There's an interesting conundrum for every homeowner when it comes to selling their property. The highest priorities for people are generally speed of sale and price achieved but an offer coming in very fast, no matter how high, can often leave somebody wondering if their home is under-priced. The first thing to say is that it's perfectly natural to wonder if you'll receive a higher offer if you hold on for longer. It's a thought that almost everyone shares but most fears can be allayed by looking at whether the offer reflects local values. In our experience, the best buyers are usually among the very first to view your property. They're the ones waiting in the wings for something suitable to come up and they've already viewed and rejected other options. They're ready to go and ready to offer immediately when they see exactly the home they want. It's also good to remember that if your property is correctly priced and correctly marketed, there's really no reason for it to sit around on the market. Nobody actively wants their home to be rejected time and time again but there is something about viewers in volume that gives comfort, perhaps it's a simple case of safety in numbers. Nonetheless, it's the amount and circumstances of an offer that are by far the most important factors. Getting a great offer from a great buyer in a great position is something to be celebrated, and even more so if you don't have to wait long for it to happen.
It might be the most basic of all questions relating to an offer, but the price is certainly the one that will raise the most emotion, whether disappointment, doubt or delight. It's very rare for a buyer to put their best offer forward first, so don't be offended if an initial bid is lower than you'd hoped. Everything is a negotiation and your estate agent is there to assist in getting an offer increased. These few simple questions can help you make the right decision:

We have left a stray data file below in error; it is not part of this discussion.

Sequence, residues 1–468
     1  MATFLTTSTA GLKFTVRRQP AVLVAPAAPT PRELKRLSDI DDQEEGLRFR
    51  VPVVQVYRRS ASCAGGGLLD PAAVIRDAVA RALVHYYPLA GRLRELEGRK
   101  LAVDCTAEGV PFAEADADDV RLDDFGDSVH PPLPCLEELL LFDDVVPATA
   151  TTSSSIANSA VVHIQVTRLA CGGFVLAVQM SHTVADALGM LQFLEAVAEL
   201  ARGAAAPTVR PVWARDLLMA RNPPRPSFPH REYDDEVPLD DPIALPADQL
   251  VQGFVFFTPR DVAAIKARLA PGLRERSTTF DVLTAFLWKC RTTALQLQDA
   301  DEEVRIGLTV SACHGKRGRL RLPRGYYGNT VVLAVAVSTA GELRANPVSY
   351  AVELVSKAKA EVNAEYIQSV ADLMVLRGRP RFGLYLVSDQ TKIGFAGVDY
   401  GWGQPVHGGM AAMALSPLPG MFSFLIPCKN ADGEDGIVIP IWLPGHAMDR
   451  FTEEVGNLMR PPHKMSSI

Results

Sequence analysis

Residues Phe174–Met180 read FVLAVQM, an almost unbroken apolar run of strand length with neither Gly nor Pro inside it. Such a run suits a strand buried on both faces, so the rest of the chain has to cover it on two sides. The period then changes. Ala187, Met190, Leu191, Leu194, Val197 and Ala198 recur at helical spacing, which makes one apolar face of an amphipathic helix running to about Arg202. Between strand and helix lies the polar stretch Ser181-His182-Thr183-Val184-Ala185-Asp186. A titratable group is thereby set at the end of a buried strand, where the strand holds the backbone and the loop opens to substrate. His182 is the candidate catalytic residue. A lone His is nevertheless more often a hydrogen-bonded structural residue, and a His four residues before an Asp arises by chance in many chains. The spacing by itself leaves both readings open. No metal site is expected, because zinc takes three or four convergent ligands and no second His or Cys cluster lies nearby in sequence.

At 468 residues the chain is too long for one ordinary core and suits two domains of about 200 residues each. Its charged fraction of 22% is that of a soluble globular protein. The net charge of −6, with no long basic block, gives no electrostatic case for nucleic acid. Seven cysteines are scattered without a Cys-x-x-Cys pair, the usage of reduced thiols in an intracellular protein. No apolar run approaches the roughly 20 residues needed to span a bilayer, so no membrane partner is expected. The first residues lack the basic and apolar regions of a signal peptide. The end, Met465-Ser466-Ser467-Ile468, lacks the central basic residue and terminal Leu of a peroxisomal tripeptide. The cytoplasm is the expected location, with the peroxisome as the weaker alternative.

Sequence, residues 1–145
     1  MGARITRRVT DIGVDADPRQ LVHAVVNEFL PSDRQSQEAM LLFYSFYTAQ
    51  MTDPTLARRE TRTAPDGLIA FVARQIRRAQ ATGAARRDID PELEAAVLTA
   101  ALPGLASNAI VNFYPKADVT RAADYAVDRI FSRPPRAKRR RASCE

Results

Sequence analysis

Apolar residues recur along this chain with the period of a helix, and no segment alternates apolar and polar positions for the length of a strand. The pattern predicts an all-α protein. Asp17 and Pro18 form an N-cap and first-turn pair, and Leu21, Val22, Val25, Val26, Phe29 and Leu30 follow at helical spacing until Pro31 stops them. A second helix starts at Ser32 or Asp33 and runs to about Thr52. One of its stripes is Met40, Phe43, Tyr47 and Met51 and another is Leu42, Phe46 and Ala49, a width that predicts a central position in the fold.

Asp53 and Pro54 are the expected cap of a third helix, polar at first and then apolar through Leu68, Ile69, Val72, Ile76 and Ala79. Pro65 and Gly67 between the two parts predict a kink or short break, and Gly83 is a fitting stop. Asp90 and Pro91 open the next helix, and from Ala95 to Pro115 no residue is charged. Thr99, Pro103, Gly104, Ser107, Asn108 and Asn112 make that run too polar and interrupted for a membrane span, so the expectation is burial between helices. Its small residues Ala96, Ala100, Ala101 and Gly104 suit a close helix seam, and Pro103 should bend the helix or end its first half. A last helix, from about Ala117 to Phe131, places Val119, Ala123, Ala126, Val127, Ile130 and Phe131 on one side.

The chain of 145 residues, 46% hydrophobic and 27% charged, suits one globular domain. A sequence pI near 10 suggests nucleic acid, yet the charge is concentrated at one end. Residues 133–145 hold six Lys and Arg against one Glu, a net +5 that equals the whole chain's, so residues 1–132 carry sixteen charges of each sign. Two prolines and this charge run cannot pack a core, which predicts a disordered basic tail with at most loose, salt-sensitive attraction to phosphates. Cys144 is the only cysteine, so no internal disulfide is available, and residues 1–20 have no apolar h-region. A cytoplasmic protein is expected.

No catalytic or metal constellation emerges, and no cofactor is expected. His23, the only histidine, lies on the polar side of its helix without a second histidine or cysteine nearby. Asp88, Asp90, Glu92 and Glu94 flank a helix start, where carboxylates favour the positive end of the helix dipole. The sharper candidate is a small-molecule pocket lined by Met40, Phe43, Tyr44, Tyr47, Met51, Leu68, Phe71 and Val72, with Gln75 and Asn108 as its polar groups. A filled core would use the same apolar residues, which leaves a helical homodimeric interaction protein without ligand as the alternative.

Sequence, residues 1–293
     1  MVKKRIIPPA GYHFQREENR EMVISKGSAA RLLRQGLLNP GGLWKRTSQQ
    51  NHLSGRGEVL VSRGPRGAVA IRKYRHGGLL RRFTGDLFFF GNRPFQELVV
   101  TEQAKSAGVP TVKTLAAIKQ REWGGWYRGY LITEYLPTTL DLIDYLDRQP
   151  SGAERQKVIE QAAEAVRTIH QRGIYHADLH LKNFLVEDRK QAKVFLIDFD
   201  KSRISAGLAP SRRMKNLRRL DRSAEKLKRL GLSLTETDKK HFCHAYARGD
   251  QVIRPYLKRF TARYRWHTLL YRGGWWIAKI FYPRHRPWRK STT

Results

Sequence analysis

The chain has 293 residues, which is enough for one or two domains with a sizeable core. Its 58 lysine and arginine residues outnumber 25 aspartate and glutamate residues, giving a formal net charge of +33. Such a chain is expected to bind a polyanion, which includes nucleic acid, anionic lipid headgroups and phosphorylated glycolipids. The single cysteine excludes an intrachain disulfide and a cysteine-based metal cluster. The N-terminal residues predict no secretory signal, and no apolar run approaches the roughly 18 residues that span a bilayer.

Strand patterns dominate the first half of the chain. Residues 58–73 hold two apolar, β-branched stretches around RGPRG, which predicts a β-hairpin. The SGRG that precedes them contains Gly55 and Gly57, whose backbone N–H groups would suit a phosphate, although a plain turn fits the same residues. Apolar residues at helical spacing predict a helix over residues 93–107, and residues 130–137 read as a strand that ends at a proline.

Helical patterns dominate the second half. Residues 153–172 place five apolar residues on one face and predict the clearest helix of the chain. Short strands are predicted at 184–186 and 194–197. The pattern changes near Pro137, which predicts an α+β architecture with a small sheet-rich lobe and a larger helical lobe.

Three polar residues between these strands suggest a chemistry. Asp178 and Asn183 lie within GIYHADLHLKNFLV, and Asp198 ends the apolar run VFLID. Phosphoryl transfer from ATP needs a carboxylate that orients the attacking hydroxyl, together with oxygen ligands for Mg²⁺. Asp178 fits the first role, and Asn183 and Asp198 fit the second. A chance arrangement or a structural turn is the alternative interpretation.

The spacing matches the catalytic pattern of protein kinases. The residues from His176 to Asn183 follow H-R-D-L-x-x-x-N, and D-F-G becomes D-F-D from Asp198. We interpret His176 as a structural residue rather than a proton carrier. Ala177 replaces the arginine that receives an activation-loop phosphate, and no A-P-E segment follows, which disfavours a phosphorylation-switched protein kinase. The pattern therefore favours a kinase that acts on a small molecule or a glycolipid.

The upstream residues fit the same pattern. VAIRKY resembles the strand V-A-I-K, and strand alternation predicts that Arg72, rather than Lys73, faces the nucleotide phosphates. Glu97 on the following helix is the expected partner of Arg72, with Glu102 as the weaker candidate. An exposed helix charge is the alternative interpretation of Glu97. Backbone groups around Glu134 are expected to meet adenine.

- does the offer fall within the range of values you were given when you initially spoke to estate agents?
- does the offer reflect the valuation in the Home Report?
- does the offer reflect the prices that similar nearby homes are selling for today?
- is anyone else expressing interest in your property?
If you've only been on the market for a very short while, you shouldn't need to accept an offer much lower than your asking price, if the price you are on the market for is realistic but if you've been on the market for a long time, could it be down to your asking price being too high? If the offer fits with other local sales, perhaps now is the time to go with the evidence.
Many people have grand plans for their next home but it's important for you to know whether their offer depends on obtaining permission or estimates before they will exchange contracts. If your buyer wants to add an extension, convert the loft, remove some walls or reconfigure any aspect of your property, they may need consent to do so. Many people will happily seek that after completing the sale if any structural work is considered fairly usual, and they may have already budgeted for the expense involved but if the works they intend to do are on a bigger scale, or if your property is in a conservation area, your buyer may not want to risk it before either checking with the local authority, speaking to a builder, or waiting until full planning permission is granted. So getting that clear from the outset is key. Timeframe can also be a condition of sale, whether fast or slow, so check when your buyers would like to complete to make sure their hopes and expectations fit with your own. Do they want to move in time for a new school term, or wait until the end of a school year before taking children out of their existing school? Does a work relocation have a date that needs to be met? Are there any other factors that could affect the speed of the transaction?